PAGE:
Research ArticleObesity

A Peptidomimetic Targeting White Fat Causes Weight Loss and Improved Insulin Resistance in Obese Monkeys

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Science Translational Medicine  09 Nov 2011:
Vol. 3, Issue 108, pp. 108ra112
DOI: 10.1126/scitranslmed.3002621

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Fat Monkeys Get Trim

The rapidly increasing rate of obesity worldwide is one of the biggest health challenges facing society today. Unlike related threats such as cancer, cardiovascular disease, and diabetes, very few approved drugs are available to treat obesity despite some promising early-stage candidates. In a new study, Barnhart and colleagues take a fresh approach to treating obesity by developing a peptide-like molecule that targets the blood vessels that feed fat tissue. They test their peptidomimetic called adipotide in obese monkeys and show that it both reduces fat tissue and decreases resistance to insulin.

Adipotide is a short peptide-based agent that selectively targets a receptor expressed by the vascular endothelial cells that comprise the blood vessels that support subcutaneous and visceral fat. This peptidomimetic carries a molecule that, once internalized by the endothelial cells, causes them to undergo programmed cell death, thereby inducing gradual elimination of excess fat. In placebo-controlled experiments, spontaneously obese rhesus monkeys treated with adipotide for 28 days showed a 7 to 15% weight loss as well as improved insulin resistance. Two forms of imaging revealed that the weight loss occurred primarily through a reduction in fat tissue and did not reflect fluid loss or muscle wasting. Monkeys treated with adipotide displayed a 38% reduction in total body fat and a 27% reduction in abdominal fat compared to pretreatment baseline values.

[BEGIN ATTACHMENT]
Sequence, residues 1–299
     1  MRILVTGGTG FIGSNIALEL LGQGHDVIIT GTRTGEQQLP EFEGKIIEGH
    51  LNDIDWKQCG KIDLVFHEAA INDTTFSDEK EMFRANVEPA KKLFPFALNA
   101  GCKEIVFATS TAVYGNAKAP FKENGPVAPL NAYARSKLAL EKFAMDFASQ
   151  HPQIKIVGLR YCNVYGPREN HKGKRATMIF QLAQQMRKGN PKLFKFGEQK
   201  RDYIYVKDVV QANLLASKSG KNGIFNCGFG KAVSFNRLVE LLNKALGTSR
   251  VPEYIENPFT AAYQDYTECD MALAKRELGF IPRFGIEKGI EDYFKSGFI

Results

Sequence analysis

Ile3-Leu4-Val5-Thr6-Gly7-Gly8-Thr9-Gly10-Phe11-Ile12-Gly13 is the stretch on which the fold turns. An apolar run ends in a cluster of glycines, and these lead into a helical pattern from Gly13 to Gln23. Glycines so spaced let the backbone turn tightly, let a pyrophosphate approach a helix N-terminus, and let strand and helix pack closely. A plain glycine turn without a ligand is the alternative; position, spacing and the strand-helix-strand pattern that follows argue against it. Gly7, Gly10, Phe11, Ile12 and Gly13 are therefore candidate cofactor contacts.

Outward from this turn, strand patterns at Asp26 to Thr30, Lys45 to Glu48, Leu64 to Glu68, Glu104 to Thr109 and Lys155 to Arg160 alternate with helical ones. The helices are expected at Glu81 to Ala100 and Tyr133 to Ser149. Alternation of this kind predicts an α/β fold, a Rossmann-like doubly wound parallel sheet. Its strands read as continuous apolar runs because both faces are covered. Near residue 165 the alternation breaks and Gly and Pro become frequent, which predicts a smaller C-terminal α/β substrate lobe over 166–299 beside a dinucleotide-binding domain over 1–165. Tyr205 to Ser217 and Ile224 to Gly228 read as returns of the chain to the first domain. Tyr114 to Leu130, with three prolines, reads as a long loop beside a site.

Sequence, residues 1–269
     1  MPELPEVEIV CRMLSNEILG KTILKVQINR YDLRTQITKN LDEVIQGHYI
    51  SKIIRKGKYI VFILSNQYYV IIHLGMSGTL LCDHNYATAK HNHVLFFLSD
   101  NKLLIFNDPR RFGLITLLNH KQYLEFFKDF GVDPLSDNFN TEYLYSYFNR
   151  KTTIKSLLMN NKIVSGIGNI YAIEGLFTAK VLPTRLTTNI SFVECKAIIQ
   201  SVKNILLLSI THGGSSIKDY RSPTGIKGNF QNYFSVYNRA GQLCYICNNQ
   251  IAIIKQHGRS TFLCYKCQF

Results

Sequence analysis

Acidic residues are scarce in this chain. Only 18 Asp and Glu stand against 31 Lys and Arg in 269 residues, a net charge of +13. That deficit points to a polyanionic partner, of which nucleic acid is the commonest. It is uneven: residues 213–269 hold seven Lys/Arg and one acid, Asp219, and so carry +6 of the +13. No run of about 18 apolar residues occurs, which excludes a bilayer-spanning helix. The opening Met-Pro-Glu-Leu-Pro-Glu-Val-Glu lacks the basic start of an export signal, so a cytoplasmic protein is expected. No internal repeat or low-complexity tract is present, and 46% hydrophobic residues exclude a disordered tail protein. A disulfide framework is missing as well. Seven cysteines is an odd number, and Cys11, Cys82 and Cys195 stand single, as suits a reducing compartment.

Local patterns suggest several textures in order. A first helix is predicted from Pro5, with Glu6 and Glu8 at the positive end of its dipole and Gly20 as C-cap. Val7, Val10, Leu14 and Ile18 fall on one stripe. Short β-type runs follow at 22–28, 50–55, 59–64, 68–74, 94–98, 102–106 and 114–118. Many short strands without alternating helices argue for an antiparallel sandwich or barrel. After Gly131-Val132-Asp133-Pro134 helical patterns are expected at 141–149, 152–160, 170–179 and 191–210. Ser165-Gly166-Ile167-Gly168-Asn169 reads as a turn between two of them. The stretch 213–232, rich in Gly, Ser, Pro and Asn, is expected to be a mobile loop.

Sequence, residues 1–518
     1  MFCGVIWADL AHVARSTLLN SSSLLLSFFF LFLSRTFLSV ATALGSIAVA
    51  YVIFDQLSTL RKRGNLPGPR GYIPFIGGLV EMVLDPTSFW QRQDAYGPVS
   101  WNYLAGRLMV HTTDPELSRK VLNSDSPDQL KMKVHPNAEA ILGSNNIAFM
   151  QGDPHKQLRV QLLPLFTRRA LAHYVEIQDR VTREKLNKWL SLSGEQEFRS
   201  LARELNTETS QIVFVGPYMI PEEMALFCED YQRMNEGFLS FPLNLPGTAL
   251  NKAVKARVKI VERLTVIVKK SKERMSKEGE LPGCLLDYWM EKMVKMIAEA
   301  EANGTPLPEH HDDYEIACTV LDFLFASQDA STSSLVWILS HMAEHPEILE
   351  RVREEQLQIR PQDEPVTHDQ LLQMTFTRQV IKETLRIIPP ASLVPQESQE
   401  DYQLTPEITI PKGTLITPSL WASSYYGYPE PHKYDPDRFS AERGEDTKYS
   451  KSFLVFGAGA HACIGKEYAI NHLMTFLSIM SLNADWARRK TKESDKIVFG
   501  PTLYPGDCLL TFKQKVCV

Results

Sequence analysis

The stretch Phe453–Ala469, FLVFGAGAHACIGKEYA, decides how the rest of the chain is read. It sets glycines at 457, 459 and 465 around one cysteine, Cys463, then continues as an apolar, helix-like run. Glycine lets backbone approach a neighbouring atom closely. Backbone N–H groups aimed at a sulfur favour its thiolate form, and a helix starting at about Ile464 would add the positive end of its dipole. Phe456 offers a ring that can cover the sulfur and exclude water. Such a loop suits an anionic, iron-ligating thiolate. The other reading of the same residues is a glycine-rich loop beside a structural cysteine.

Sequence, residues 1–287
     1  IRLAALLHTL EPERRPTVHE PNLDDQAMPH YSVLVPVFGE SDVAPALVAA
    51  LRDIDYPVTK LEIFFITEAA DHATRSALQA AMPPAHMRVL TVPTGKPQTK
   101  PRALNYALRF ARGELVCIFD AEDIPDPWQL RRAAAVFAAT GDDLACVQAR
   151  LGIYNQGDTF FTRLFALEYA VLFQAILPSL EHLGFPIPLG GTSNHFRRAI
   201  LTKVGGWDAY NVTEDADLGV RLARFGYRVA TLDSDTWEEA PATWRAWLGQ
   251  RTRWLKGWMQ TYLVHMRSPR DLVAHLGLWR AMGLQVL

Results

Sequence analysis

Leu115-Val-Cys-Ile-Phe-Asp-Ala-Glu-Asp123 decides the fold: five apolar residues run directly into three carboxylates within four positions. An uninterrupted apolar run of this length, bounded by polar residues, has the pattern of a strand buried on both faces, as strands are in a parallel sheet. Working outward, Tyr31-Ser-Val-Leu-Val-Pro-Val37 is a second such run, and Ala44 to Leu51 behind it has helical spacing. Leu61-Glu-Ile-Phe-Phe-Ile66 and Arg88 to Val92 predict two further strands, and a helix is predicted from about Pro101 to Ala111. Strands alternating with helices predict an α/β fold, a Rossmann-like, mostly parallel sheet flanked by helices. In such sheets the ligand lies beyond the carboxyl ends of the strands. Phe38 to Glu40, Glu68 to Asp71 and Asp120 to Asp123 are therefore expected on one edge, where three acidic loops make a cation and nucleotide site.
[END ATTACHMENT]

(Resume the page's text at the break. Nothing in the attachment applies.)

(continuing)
Early weight loss drug candidates are typically screened in rodent models of obesity. However, the central nervous system control and metabolic regulation of food intake and fat storage in rodents is quite different from that of monkeys and humans. Spontaneously obese monkeys are a more accurate model of obesity in humans and provide a valuable setting for testing anti-obesity drug candidates. Adipotide therapy resulted in a reduction in body mass, an improvement in insulin resistance, and a decrease in abdominal circumference, key predictors of diabetes in humans. These encouraging results support the further development of adipotide as a potential new prototype drug to combat obesity in humans.


  • These authors contributed equally to this work.

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